Metropolitan News-Enterprise


Wednesday, March 27, 2019


Page 1


Court of Appeal:

Law Firm May Be Disqualified Based on Insights Ex-Employee Gained Earlier

Opinion Says Recusal Justified in Action Against County Because Former Associate Had Previously Done Work, While With Another Firm, Defending the County


By a MetNews Staff Writer


The Court of Appeal for this district has affirmed the disqualification of a law firm from representing two plaintiffs in a wrongful death action against the County of Los Angeles because a former associate at the firm, while employed elsewhere earlier, had worked on the defense in 21 cases against the county, gaining insights.

The decision, which came in an unpublished opinion filed Monday, affirms an order by Los Angeles Superior Court Judge Robert A. Dukes barring representation of Minerva M. Marte and Charo Marte Nava by the Beverly Hills law firm of Carpenter, Zuckerman & Rowley. That firm in 2016 employed attorney Rebecca N.  Herman, who had handled defense work for the county while at the downtown Los Angeles firm of Hurrell & Cantrall LLP from March 2012 to May 2016.

On at least one occasion, Herman assisted with her supervisor, Thomas Hurrell, in defending the county in a case based on an allegedly dangerous condition, which was the basis of the action by Marte and Nava.

‘Inconsequential’ Involvement

Carpenter, Zuckerman & Rowley protested that Herman’s role in the action by Marte and Nave was “inconsequential,” being limited to one ex parte appearance to request a continuance. However, Dukes noted that the firm made no effort to erect an ethical wall between Herman and the lawyers working on the case, and determined that she had developed a “well-developed, specialized understanding of the County’s legal theory of the case and litigation strategy in defending County cases.”

Writing for Div. Three, Justice Luis Lavin said:

“Contrary to the current law firm’s supposition, a prior client need not establish identity between legal and factual issues involved in a prior and subsequent representation in order to disqualify counsel. Rather, in order to show the representations are substantially related, a prior client must show there is a substantial risk that the present representation will involve the use of confidential information acquired during the course of the prior representation….And confidential information is not limited to case-specific information; it may include information relating to similar matters which would be useful to the current client in pressing its current claim, such as the identity of the key decision makers, the litigation philosophy and organizational structure of the prior client, the financial impact of pending claims against the prior client, and the existence and amount of insurance coverage.”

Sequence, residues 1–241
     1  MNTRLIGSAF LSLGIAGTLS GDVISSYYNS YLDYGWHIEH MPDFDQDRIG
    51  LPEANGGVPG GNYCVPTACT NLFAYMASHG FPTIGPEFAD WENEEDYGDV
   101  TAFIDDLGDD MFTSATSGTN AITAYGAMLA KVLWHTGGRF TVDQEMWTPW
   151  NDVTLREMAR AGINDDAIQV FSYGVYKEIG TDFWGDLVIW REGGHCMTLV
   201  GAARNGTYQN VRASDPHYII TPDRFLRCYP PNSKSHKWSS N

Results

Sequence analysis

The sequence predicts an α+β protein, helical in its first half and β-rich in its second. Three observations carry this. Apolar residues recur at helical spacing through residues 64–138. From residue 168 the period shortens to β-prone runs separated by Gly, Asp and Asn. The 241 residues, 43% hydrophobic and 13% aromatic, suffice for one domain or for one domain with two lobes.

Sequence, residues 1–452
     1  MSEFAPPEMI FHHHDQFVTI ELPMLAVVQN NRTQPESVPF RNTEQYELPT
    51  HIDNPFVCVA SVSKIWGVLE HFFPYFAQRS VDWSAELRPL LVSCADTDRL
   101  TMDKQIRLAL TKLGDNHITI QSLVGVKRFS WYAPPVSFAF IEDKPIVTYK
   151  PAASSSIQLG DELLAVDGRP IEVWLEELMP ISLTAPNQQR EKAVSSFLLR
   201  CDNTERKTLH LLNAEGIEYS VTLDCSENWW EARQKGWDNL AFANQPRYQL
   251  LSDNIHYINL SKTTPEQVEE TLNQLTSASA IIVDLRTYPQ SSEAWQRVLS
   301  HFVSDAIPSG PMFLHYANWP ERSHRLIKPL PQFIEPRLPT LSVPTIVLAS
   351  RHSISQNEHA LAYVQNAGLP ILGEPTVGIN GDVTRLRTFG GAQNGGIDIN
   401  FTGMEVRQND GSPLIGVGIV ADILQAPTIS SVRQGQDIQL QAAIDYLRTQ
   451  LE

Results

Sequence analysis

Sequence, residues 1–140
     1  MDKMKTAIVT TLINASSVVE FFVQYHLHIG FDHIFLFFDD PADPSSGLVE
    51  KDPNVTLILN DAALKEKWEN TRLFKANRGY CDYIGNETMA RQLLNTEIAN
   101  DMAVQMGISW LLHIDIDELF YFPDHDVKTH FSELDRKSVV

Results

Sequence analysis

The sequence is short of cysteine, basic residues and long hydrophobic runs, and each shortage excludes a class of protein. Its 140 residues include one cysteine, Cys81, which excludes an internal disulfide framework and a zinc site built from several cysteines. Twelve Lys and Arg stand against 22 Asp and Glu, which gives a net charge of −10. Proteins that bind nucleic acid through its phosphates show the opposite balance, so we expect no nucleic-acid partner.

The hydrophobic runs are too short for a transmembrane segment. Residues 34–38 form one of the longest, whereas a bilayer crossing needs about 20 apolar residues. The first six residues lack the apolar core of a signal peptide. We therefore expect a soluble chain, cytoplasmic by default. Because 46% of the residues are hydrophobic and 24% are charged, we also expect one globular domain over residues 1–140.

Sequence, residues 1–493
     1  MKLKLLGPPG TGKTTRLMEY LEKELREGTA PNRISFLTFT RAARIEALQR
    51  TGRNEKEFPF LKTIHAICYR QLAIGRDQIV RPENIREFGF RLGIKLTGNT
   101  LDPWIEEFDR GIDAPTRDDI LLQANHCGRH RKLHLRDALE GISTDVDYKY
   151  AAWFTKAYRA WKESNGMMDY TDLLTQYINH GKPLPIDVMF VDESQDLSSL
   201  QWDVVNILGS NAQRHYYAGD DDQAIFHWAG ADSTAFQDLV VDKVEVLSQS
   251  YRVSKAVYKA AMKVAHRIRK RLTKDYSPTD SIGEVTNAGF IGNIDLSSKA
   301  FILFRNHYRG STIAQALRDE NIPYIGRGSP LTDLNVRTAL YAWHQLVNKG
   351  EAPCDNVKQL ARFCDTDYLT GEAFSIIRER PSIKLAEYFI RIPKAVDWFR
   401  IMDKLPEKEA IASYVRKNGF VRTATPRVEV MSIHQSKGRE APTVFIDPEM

Insight Into Strategies

He continued:

“…Herman worked extensively on County cases during her time at the prior law firm and gained significant insight into the County’s litigation strategies generally—and in relation to dangerous condition cases. In addition, she participated in strategy meetings with key decisionmakers and learned about the County’s litigation approach and budget—information that was current, given that she left the prior law firm and joined the current law firm in May 2016 and began representing plaintiffs no later than June 2016. Such information would be of considerable value to plaintiffs in developing their strategy in the present case.”

The case is Marte v. County of Los Angeles, B279572.

Gary S. Lewis, Pejman Ben-Cohen and Gregory Coolidge of Carpenter, Zuckerman & Rowley represented their firm. They were opposed by Michael L. Wroniak, Lisa L. Peterson and James C. Jardin of Collins Muir + Stewart.

Herman has been with Pettit Kohn Ingrassia Lutz & Dolin since 2016.


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